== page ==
While the teachers are hard at work, students will be invited – and bused – to arrive early to school and enjoy a free hot breakfast and a slow start to their day in the foyer. Educational assistants will be available to supervise, tutor, and facilitate morning extra-curricular activities.
Karasiuk sees his proposal as a win-win for both staff and students. Teachers will have time to orient themselves for the day and collaborate with their colleagues, while the teens will be able to snag an extra half an hour of sleep or fill up on the oft-touted “most important meal of the day.” By the time the instructional part of the day officially starts, they are more likely to be rested, well-fed, and prepared to learn.
Deninu School in Fort Resolution, a small community of 500 Chipewyan people, kept the importance of teamwork at the forefront when redirecting 74 hours. The school has had success hiring educators who have been teaching internationally, in places as far away as China or South Korea, before deciding to return to Canada. But Beijing and Seoul are very different from the N.W.T., and when asked for their feedback on how the hours might be redistributed, the current teachers reported that a few extra days near the beginning of the year to help ease them back into the Canadian curriculum, and to get support with the development of integrated year plans, would be helpful.
The other STIP days are dispersed throughout the year, in line with Deninu School’s planning cycle. Every four to six weeks, the staff will have time to meet and prepare for the upcoming units they will be teaching. “We chose to schedule full days of STIP time,” explains Principal Kate Powell, a co-recipient of a Premier’s Award for Excellence and a Ministerial Literacy Award. “To have meaningful conversations and collaboration, teachers suggested that we needed long periods of time. We plan to use the mornings of these days for collaborative planning, marking, assessing, and goal setting; and then the afternoons for teachers to work independently incorporating the morning’s learnings in the preparation of their units and lessons.”
The value of Professional Learning Communities
Professional Learning Communities, or PLCs, have long been proven as one of the best strategies for ensuring all students learn at high levels. In what is touted as the largest ever evidence-based research in education, Hattie synthesized those factors that the research shows to have the greatest impact on student achievement, with Collective Teacher Efficacy ranking the highest.10
Frequent PLC meetings provide opportunities for teachers in similar grade or subject areas to work together to address challenges and share best practices, driven by actual classroom evidence. The result is stronger, more confident teachers who no longer feel isolated in their concerns about students or the curriculum. By sharing and learning together, teacher wellness and effectiveness is supported and enhanced.
A quick search of the Internet shows that teaching is often rated in the top ten most stressful professions, and our educators are facing increasingly high expectations in regard to unique student needs, cultural relevance, truth and reconciliation, accountability, testing, and student achievement.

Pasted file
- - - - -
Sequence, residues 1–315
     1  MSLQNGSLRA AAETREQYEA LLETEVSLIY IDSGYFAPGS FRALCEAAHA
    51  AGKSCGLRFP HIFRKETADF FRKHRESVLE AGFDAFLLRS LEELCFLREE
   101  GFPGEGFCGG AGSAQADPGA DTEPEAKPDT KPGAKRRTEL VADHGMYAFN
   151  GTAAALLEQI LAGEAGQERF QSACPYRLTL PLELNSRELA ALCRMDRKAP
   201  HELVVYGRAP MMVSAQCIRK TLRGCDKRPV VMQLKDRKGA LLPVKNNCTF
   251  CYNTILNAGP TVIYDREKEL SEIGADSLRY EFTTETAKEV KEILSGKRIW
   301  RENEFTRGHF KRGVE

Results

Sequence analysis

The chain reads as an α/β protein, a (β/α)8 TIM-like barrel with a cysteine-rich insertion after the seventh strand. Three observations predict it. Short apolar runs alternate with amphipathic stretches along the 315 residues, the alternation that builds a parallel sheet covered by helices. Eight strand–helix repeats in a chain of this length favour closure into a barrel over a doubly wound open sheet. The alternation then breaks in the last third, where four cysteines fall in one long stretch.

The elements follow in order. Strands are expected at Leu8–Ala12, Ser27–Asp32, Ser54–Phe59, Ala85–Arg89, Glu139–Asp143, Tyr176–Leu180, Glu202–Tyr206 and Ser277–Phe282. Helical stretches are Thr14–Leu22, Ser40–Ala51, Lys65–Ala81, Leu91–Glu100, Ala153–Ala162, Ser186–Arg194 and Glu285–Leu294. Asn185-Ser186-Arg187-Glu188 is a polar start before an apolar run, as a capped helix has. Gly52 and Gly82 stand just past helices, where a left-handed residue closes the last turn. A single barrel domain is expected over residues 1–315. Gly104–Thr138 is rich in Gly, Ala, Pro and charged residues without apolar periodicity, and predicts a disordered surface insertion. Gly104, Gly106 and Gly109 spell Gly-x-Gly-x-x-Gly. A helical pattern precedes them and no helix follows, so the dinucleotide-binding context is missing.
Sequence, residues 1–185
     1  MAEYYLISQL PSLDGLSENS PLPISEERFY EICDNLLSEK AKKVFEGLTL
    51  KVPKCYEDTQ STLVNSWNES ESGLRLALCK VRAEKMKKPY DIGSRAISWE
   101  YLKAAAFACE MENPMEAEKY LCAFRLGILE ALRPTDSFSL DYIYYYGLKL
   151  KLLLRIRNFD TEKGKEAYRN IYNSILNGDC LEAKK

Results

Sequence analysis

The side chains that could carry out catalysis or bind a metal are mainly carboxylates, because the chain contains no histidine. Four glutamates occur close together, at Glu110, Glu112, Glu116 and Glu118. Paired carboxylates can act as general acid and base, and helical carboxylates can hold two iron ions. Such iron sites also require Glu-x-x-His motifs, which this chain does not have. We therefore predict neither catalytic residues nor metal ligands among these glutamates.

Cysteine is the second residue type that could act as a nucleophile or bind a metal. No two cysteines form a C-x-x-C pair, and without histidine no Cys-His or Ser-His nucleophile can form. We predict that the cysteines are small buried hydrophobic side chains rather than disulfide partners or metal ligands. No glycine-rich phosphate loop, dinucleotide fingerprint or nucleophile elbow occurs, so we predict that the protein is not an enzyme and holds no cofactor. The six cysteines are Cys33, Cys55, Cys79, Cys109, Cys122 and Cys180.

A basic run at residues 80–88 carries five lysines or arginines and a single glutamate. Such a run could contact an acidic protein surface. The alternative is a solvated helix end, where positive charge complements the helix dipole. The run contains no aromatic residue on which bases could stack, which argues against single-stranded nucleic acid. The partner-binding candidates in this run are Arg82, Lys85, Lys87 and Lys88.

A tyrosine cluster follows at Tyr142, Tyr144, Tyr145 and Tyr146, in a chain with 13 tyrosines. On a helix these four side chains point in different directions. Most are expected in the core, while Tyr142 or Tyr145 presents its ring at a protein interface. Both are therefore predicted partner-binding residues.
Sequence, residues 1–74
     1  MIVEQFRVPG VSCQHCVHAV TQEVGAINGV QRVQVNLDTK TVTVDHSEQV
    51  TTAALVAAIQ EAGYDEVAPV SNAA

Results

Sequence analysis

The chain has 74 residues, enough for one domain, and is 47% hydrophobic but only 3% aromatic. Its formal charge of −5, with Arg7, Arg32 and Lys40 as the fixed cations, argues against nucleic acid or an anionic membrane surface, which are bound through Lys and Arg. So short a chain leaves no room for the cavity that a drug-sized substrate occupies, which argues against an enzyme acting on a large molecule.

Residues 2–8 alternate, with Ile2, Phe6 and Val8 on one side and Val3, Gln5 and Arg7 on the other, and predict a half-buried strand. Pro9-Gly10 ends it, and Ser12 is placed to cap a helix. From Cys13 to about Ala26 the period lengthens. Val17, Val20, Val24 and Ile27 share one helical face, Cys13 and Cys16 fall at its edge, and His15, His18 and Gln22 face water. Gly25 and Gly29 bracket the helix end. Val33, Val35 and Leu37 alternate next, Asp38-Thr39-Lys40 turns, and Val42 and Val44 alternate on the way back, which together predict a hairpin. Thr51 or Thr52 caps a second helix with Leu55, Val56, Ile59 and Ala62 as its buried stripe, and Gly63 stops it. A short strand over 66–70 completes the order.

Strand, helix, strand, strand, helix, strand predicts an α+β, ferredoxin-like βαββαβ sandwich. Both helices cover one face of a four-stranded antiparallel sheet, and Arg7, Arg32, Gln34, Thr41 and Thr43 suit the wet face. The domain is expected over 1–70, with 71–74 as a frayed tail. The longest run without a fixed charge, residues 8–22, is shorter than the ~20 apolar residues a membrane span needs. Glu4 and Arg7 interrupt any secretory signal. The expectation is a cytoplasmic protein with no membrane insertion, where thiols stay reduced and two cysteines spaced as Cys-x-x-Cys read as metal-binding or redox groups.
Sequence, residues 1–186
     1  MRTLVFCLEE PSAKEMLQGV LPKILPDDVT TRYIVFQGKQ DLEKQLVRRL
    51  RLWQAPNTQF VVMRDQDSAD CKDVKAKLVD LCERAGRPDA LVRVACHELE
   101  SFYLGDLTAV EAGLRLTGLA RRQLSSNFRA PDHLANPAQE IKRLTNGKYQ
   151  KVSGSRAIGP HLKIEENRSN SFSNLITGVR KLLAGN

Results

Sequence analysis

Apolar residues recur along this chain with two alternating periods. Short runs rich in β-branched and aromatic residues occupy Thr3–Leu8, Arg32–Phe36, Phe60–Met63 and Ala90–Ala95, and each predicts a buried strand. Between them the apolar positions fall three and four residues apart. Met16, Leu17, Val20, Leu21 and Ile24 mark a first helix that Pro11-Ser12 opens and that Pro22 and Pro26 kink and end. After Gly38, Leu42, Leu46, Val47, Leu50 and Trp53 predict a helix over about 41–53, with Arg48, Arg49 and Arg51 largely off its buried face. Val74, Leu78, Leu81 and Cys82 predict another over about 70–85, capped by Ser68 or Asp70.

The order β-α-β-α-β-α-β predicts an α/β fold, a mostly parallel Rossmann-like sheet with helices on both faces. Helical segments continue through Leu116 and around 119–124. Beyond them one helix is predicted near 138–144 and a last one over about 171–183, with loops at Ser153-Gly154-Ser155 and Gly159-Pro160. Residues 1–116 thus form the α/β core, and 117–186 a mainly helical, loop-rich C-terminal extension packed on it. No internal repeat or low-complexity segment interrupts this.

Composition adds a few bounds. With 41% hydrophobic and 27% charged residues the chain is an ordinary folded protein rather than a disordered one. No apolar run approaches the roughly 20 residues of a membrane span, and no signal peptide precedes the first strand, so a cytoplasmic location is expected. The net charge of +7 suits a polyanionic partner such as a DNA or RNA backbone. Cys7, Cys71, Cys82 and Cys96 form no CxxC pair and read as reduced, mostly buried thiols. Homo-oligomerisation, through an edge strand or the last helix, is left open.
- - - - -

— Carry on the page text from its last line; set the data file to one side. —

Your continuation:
As counter-intuitive as it may appear, the evidence suggests that reducing instructional time can result in more effective instruction and in more students achieving their potential, provided the “found” time is used for teacher professional duties and collaborative planning.
By giving teachers up to 100 hours of collaborative professional learning and working time throughout the school year to be more effective, we are hopeful that we can offset the high number of hours they work each year, while increasing their job satisfaction and well-being.
If the expected results occur, more teachers will be energized to come to work every day instead of feeling emotionally exhausted. Improved wellness should lead to less sick time and less money spent on substitute teachers (who are in extremely short supply or unavailable in most small outlying communities), resulting in a more stable, supportive environment for our students to grow. We are hopeful that the domino effect will include students being motivated to come to school, attending regularly, performing well on tests, and graduating in larger numbers.
The evolution of education demands a culture of both wellness and success in order for both staff and students to thrive. Along with the partners involved in this pilot project, we are keen to monitor and evaluate its effects on staff and student well-being and achievement.
Photo: courtesy Curtis Brown and Sarah Pruys
First published in Education Canada, September 2017
1 Programme for International Student Assessment, “PISA 2015 Results in Focus,” Organisation for Economic Co-operation and Development (2016). https://goo.gl/TsLeC3
2 European Commission/EACEA/Eurydice, “Recommended Annual Instruction Time in Full-time Compulsory Education in Europe 2015/16,” Eurydice – Facts and Figures (Luxembourg: Publications Office of the European Union, May 2016).https://goo.gl/0T4tpm
3 Canadian Education Statistics Council, “Education Indicators in Canada: An international perspective,” Statistics Canada (February 13, 2015). https://goo.gl/GRcpUU
4 J. Hattie, Visible Learning: A synthesis of over 800 meta-analyses relating to achievement, 1st edition (London, New York: Routledge, 2009).
5 Organisation for Economic Co-operation and Development, “Education Indicators in Focus,” OECD (April 2014). https://goo.gl/SLE2gv
6 Adapted from the work of the DuFours in Learning by Doing: A handbook for professional learning communities at work, 3rd Ed. (Bloomington, Indiana: Solution Tree Press, 2016).
7 Kristen Lewis, “Lessons From Finland,” Scholastic. http://bit.ly/2qBQg1c
8 Government of the Northwest Territories, NWT Teacher Time and Workload Study (GNWT, January 2017). https://goo.gl/9XT24A
9 Compiled by C. Naylor, E. O’Neill, and K. Rojem, Teacher Worklife Research (BC Teachers’ Federation). https://goo.gl/HJxsYq
10 The larger the effect size, the more powerful the influence. Hattie concludes that an effect size of 0.4 is medium and 0.6 is large. His research shows an effect size of 1.57 for Collective Teacher Efficacy.